MTV’s ‘120 Minutes’ Turns 30: Remembering a Gen-X Musical Touchstone

MTV’s ‘120 Minutes’ Turns 30: a look back at the crown jewel of MTV programming on its 30th anniversary.

Last week marked a nostalgic milestone for fans of alternative music: MTV’s 120 Minutes turned 30.

The 30th anniversary flew under the radar, fitting for a show that felt like a secret society for seekers of a left-of-center “alternative” to the hair metal and vacuous pop of the 80’s.

Consequence of Sound wrote a lengthy and informative history of the series, which you can read here, but I felt obligated to give a personal account of why this show had such a formative effect on my love of music.

Click here for my list of 40 Most Underrated TV Shows

Launched on March 10th, 1986, the series showed the latest videos from cutting-edge Postpunk, New Wave, Industrial, Punk and Gothic groups…classified as “college rock” before the term alternative would become the 90’s catch-all term.

It was two glorious hours every Sunday from midnight til 2am, which was tough for those still in high school–I had to either turn the volume way down to not wake up the folks (and risk running late to school the following Monday), or set the VCR and watch it the next day. It was worth the effort.

Where else could you see music videos, live performances and interviews from the likes of The Jesus and Mary Chain, The Sisters of Mercy, New Order, The Cure, Depeche Mode, Ministry, Sonic Youth and The Cult in the mid-80’s? This was it–until USA’s Night Flight launched in 88.

In addition to those groups, 120 Minutes offered a grab bag of obscure groups that wouldn’t make the leap to bigger success, giving acts like The Screaming Blue Messiah’s, Flesh For Lulu (my personal favorite) and Kommunity Fk a brief time to shine.

For those unlucky souls without access to college radio, 120 Minutes was your lone fix. And for those who had access to those late night transmissions (I heart you KTCU) it was an excellent supplement.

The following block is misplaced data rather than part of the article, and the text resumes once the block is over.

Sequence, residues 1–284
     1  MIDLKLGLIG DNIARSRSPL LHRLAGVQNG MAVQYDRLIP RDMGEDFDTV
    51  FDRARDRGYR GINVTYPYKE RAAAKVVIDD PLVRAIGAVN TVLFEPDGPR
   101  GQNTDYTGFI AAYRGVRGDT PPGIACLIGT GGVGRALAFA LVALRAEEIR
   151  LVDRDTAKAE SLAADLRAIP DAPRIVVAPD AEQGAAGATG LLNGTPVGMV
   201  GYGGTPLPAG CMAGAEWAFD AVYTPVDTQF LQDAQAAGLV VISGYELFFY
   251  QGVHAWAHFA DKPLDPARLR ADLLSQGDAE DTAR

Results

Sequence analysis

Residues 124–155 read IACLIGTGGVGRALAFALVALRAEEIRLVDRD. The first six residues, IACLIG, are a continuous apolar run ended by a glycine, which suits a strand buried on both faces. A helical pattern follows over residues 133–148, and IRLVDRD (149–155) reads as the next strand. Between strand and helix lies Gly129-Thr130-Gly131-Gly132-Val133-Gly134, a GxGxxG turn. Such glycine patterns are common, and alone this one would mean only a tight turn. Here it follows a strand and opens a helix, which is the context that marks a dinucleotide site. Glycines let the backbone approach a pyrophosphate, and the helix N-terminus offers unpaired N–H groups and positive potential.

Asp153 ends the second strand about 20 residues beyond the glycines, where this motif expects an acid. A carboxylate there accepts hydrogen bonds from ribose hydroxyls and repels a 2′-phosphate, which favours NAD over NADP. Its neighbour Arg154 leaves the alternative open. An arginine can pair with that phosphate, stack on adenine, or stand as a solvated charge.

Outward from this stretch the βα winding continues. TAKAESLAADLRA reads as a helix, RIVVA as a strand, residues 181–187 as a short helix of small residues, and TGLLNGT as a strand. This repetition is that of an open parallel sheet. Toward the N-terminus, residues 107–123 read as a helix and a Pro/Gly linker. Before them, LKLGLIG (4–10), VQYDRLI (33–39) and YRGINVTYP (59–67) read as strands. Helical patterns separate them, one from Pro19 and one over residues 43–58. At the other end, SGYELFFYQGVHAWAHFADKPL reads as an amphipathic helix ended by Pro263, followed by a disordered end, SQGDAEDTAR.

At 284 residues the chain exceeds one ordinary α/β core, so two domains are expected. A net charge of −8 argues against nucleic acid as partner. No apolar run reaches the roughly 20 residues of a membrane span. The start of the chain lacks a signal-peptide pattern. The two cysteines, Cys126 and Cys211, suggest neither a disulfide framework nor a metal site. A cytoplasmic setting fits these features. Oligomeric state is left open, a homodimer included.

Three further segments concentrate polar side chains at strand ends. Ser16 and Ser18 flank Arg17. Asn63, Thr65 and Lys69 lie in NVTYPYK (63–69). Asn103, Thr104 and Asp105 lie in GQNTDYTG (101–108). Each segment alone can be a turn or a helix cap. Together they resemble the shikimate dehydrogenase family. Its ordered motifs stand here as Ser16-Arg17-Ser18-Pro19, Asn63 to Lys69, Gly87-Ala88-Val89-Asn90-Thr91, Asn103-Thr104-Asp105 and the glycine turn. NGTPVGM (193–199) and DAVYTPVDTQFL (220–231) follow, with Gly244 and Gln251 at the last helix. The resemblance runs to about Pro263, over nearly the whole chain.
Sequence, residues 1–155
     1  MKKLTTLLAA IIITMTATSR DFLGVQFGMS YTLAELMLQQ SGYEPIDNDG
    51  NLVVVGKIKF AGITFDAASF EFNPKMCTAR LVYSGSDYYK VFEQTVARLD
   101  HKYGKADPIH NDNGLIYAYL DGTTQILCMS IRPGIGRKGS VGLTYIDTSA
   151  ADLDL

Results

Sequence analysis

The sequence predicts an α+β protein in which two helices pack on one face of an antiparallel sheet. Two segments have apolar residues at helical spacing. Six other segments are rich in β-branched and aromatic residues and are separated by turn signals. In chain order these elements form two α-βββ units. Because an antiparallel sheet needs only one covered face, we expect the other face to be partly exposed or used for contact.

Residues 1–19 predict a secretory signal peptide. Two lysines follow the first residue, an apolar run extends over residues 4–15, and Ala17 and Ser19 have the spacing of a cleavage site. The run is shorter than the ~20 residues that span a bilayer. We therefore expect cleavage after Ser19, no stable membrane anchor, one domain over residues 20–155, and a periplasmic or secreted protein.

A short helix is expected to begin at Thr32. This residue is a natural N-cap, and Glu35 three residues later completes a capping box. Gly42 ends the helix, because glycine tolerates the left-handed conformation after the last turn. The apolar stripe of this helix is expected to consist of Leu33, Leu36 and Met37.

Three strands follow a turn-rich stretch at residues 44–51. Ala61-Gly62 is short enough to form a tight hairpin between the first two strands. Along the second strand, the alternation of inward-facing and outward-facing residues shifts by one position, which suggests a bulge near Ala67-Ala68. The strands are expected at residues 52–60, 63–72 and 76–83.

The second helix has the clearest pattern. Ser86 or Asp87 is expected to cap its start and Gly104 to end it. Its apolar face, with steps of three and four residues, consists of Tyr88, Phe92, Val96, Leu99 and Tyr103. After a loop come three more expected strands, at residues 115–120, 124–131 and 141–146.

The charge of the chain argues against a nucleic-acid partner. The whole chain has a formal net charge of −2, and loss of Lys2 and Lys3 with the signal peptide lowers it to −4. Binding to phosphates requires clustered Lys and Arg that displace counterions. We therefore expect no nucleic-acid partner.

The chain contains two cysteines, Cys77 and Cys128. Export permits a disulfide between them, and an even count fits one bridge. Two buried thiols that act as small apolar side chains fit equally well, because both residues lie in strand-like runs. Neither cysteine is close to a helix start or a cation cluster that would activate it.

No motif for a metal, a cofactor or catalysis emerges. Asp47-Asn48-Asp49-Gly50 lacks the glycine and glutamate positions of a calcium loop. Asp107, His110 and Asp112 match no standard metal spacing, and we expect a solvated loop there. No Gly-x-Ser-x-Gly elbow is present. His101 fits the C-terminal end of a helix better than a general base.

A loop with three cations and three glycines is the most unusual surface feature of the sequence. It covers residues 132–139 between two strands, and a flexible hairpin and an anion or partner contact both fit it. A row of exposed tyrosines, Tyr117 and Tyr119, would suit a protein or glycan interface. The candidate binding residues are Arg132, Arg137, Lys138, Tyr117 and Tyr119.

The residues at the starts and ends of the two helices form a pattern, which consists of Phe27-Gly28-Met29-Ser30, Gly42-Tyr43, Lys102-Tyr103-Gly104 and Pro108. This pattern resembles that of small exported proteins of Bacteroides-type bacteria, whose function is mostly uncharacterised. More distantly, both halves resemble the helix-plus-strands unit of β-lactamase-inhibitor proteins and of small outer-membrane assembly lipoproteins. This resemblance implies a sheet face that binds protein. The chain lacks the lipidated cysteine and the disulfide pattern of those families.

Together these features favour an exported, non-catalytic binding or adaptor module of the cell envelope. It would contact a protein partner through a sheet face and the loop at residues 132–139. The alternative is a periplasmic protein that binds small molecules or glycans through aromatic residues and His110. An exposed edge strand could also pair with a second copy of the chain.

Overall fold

And a chance to see your heroes in the flesh, with some appropriately eccentric videos (The Church’s bewitching Under The Milky Way and New Order’s wonderfully odd True Faith my two personal favorites).

It was like a special club, a portal to another world of shadowy bands across the globe…who felt quite foreign from my central Texas locale.

When Nirvana hit the mainstream in the 90′s, 120 Minutes got a bigger profile and taste-maker status. Once the underground gets in the spotlight, it became a tad less special, but I watched it all the same. By that time I was in college, and  it was mandatory viewing for my dorm mates and I (and a much welcome study break).

The show rotated hosts over the years, starting original MTV VJ’s Martha Quinn, Alan Hunter and the late JJ Jackson amongst others. Eventually the wisecracking Kevin Seal, became a recurring host (from 87-89). 

During the 90’s incarnation hosts included series creator Dave Kendall, VJ Lewis Largent, and the gravelly voiced pop culture authoritarian Matt Pinfield. 

Watching them hold court in entertaining (and sometimes awkward) interviews with the likes of They Might Be Giants, Smashing Pumpkins, Johnny Rotten, The Ramones, Mojo Nixon and Trent Reznor (in a bizarre Christmas themed episode) proved just as compelling as the videos.

And it was more than just a show: 120 Minutes became its own micro-cottage industry: releasing CD compilations, and even a tour, featuring PiL, Big Audio Dynamite, Blind Melon and Live.

It was a fond destination for American Anglophiles in the mid-90’s, giving us our Britpop fix, and showcased the burgeoning electronica movement of the late 90’s.

By the 00’s, 120 Minutes was relegated to sister network MTV2, during the flagship channel’s shift from music videos to reality TV, and it was cancelled altogether in 2003 (a Pinfield hosted revival lasted from 2011-2013).

MTV has become a sore spot for Gen-Xer’s, the music portion is non-existent, save for the dreadful VMA’s which focus almost exclusively on auto-tuned pop. YouTube is now the only place to see the truly weird and quirky.

But 120 Minutes, like MTV’s other genre specific show Headbanger’s Ball served its purpose, mainlining kids with the coolest stuff before the internet could offer it wholesale. But that made it special…part and parcel of skimming record store bins and disciveting new bands through magazine reviews. While it seems like hyperbole to say it was life-changing…it kinda was.

Happy 30th/RIP 120 Minutes. You are still sorely missed. I don’t know if I could’ve stayed sane in college and high school without you. 

For those feeling nostalgic, you can watch the ENTIRE archive of 120 Minutes here, and I’ve included Amazon links for their ‘Never Mind The Mainstream’ CD series below.

About SLIS

Middle Aged Gen-Exer obsessed with Alternative rock, metal, cult movies, comic books and cable TV.

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